Rating: 4 out of 5 Stars. Our favourite dog biscuit - could only get a higher rating if the ingredients were a bit better, but the "bad" ingredidents are needed for biscuit making and certainly don't hurt in moderation! 

Balancing Old Mother Hubbard Minis.
She hates this trick (can you tell?).

Zuke's Mini Naturals

I originally looked into Zuke's because it had a lot of good reviews and the "Mini Naturals" were an ideal size for training. The company is very reputable and the ingredients are great. I really, really wanted to like these treats, but Maizy had other ideas. We tried the chicken flavour. We tried peanut butter. We tried duck. But Maizy just doesn't really care for them, she'll eat a few and then lose interest. 

Price: 5.99 for 6oz at Ren's Pet Depot
Rating: 2.5 / 5 Stars. Good ingredients, good size, but Maizy could take or leave them. I do know lots of dogs who love these, so it's just a Maizy thing. 

Crumps Freeze Dried Beef Liver Bites

We have a winner! 
This is a treat we started using recently and it has quickly become my favourite. Maizy absolutely loves it too! They are pricey but so worth the cost. One of these is easily equal to 5 MilkBones, in Maizy's mind. She loves these treats but is still able to concentrate on the task at hand - our training has improved leaps and bounds since we started using these treats! I have tried other freeze dried treat brand but these are my favourite becuase they come in bite sized cubes, perfect for training. The only ingredient is beef liver, making these super healthy.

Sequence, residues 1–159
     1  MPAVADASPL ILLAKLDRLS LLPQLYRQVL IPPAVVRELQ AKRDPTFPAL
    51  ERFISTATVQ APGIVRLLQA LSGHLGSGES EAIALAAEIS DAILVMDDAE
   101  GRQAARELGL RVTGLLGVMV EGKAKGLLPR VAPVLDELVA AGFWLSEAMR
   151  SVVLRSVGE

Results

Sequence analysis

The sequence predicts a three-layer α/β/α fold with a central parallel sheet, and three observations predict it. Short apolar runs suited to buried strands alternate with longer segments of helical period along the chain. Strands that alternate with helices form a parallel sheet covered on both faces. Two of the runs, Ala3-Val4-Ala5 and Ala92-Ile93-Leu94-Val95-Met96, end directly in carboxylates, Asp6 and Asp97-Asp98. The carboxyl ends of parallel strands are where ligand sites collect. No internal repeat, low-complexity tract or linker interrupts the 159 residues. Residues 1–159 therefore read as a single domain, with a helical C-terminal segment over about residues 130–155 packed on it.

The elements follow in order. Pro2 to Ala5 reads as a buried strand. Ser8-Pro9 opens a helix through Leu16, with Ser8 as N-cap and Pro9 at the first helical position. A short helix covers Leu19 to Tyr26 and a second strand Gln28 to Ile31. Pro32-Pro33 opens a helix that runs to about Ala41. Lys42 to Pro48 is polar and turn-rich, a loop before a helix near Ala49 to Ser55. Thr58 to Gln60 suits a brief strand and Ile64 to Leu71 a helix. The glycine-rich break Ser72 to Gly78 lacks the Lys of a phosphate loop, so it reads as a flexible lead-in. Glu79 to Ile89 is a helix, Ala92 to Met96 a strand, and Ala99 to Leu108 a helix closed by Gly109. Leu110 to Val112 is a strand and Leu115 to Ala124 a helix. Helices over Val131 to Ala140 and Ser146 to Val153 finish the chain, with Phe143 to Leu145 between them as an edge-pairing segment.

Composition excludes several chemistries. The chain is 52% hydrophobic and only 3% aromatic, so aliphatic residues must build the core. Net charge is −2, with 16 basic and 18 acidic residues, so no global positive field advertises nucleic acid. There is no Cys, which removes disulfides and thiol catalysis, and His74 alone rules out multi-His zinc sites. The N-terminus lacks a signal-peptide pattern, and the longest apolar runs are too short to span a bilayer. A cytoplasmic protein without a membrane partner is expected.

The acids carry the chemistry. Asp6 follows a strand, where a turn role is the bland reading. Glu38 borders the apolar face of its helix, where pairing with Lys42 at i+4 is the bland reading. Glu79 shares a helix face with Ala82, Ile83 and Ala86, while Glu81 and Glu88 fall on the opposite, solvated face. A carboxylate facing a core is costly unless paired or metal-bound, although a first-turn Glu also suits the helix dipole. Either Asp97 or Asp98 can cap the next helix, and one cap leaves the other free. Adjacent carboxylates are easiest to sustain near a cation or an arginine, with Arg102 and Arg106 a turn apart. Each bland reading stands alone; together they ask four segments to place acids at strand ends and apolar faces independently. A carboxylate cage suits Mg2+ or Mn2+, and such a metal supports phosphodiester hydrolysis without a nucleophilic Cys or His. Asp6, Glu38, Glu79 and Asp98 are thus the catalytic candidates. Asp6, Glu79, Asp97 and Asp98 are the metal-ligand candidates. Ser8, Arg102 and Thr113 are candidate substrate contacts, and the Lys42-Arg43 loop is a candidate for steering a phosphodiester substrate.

While the Old Mother Hubbard treats live on the counter, the bag of Crumps lives at our back door. The only time Maizy refuses to recall is when we ask her to come into the house. Now, with Crumps, that's no longer an issue. 

Price: 19.99 for 20oz at Ren's Pet Depot
Rating: 5 / 5 Stars. You couldn't ask for a better treat! 

Vegetables and Fruits

Okay, I know I said "5 Doggy Snacks" but I wanted to include this as well. We also use vegetables and fruits as training treats - cucumbers, carrots, strawberries, blueberries ect. These need to be fed in moderation (especially the super sugary fruit) but are a great, healthy snack. However, some fruits and veggies (garlic, grapes and raisins, fruits with pits, and onions, to name a few) are toxic to dogs. Be sure to do your research before mixing a salad up for your dog.

What are your favourite treats? Tell us in the comments or send us a tweet! We'd love to hear from you. 

Happy snacking!